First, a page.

U-M opens second Clinical Simulation Center
U-M has officially opened a second Clinical Simulation Center location, more than doubling the number of physicians, nurses and students who will be able to practice their skills in a state-of-the-art learning environment.
The new 7,500 square foot space, located in Med Sci II, allows current and future health care professionals a chance to prepare for real-world scenarios and rehearse new medical procedures in a high-impact and low-risk clinical setting.
“We are giving our trainees a wonderful gift: the opportunity to practice, ask questions and fully develop skills in a safe environment,” said Carol R. Bradford, M.D., executive vice dean for academic affairs. “This center will greatly benefit our program, our learners and our patients.”
The simulation center, which is accredited by the American College of Surgeons as a Comprehensive Education Institute, is equipped with a host of hi-fidelity adult, child and obstetric manikins with lifelike capabilities. They are designed to cry, blink, talk and breathe, have full heart and lung sounds, EKG tracings and respond to a host of medical interventions.
In addition to computer-based simulation modules that guide learners through practice exams, there are five inpatient rooms that replicate rooms in University Hospital, C.S. Mott Children’s Hospital and Von Voigtlander Women’s Hospital. Everything is operated from an adjacent control room where staff members control the manikin and the environment in the room. Various manikins provide opportunities to practice and perfect different skills, from chest compressions and defibrillation to assisting with birthing an actual manikin baby.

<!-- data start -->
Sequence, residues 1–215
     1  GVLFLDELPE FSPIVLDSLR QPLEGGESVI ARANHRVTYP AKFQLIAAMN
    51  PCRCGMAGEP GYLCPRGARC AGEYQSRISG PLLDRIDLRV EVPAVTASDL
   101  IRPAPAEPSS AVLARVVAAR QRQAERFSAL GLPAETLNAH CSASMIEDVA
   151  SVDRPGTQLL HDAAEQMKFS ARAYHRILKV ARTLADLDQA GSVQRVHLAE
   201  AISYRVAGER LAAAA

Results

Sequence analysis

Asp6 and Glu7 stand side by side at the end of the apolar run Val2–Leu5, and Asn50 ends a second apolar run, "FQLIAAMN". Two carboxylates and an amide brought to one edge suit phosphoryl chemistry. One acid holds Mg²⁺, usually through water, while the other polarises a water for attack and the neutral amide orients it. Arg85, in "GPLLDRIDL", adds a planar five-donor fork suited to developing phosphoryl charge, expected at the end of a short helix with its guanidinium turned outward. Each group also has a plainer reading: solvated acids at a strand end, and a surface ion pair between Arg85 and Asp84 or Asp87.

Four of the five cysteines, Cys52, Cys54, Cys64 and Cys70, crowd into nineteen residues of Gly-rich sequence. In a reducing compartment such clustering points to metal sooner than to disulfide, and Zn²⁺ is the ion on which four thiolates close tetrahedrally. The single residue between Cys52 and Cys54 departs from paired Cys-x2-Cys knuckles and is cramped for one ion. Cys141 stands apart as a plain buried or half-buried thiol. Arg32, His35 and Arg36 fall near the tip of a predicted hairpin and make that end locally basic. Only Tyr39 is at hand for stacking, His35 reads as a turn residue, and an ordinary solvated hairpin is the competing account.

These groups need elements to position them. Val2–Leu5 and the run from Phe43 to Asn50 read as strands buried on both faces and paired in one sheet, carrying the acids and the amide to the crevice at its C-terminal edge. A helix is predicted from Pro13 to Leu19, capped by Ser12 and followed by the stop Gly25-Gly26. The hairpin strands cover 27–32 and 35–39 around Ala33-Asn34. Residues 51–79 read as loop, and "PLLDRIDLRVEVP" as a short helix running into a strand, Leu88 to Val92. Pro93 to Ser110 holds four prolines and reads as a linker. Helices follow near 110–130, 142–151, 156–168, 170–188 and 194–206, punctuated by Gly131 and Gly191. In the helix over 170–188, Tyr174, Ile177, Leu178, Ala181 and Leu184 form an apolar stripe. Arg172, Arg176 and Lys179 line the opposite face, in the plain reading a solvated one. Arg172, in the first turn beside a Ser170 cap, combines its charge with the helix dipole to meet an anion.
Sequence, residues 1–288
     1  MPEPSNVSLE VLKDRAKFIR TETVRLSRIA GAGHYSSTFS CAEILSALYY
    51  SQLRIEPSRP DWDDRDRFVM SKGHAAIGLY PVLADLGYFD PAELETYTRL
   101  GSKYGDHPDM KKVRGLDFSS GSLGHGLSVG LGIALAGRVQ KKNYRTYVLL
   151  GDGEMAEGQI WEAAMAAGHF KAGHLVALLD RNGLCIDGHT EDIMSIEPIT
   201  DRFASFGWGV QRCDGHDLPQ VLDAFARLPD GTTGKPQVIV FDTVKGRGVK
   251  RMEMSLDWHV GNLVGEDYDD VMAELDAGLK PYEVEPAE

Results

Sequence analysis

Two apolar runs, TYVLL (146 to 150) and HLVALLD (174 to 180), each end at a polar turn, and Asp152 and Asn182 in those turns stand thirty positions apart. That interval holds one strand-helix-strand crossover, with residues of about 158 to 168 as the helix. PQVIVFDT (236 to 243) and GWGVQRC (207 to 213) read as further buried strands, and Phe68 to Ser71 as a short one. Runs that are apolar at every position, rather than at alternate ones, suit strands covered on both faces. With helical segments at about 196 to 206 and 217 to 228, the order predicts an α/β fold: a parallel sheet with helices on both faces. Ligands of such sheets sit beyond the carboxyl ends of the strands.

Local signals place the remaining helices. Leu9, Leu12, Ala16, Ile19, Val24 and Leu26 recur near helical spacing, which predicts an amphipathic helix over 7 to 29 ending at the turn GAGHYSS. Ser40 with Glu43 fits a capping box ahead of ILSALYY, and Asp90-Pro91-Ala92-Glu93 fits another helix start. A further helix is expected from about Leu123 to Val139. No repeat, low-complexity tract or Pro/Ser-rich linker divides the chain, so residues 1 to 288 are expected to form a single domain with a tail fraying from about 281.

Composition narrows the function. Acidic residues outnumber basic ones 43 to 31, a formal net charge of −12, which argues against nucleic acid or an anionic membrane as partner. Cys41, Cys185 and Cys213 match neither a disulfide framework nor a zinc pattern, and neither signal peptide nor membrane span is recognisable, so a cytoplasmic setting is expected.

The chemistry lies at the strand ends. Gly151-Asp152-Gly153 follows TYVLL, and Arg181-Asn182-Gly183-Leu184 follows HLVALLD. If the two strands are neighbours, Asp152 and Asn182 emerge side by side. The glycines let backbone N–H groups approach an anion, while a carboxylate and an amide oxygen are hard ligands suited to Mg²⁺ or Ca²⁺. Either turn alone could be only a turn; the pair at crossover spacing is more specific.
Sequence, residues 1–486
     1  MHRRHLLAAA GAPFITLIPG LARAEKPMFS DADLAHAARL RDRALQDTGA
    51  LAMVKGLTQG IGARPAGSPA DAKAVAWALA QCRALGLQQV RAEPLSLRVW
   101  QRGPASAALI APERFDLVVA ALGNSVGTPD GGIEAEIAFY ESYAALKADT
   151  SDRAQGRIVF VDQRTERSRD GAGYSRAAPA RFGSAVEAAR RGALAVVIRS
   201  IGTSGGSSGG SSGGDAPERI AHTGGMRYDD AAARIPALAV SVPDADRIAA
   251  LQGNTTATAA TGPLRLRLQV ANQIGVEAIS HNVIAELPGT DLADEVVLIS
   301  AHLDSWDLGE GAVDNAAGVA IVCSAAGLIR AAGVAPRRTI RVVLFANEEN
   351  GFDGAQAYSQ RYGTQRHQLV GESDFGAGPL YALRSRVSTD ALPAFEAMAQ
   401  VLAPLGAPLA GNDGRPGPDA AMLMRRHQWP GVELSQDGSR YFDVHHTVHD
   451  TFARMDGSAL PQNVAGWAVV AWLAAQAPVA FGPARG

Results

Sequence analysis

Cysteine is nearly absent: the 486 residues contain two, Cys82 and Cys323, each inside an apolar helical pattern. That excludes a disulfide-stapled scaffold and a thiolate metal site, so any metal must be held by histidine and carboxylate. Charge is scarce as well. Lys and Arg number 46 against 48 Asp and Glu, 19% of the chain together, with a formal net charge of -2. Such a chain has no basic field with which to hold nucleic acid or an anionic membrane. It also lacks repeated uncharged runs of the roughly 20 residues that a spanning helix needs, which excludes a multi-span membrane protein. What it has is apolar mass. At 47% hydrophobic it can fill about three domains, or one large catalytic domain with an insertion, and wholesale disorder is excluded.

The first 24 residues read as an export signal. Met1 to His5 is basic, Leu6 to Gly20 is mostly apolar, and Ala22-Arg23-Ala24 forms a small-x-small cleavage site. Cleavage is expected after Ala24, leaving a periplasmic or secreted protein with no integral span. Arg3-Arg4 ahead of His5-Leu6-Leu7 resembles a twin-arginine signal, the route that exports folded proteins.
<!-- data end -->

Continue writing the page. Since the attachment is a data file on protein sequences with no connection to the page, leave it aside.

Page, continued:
James Cooke, executive director of the Clinical Simulation Center and assistant professor of learning health sciences and of family medicine, is a staunch champion of simulation training.
“Investing in the expansion of the Clinical Simulation Center shows our commitment to ensuring that the next generation of health care leaders, scholars and practitioners are fully prepared for the future challenges in national and global health care,” he said. “This exciting venture will help us maintain our status as one of the top academic medical centers in the country.”
Cooke said two of the most significant benefits of simulation are the opportunity for interdisciplinary teams to practice together and the regular feedback it affords learners.
“Debriefing allows learners to reflect on and discuss their medical decisions and allows expert facilitators to guide teams to improve communication, efficiency and overall performance. Intentional and well-designed practice leads to better outcomes,” Cooke said.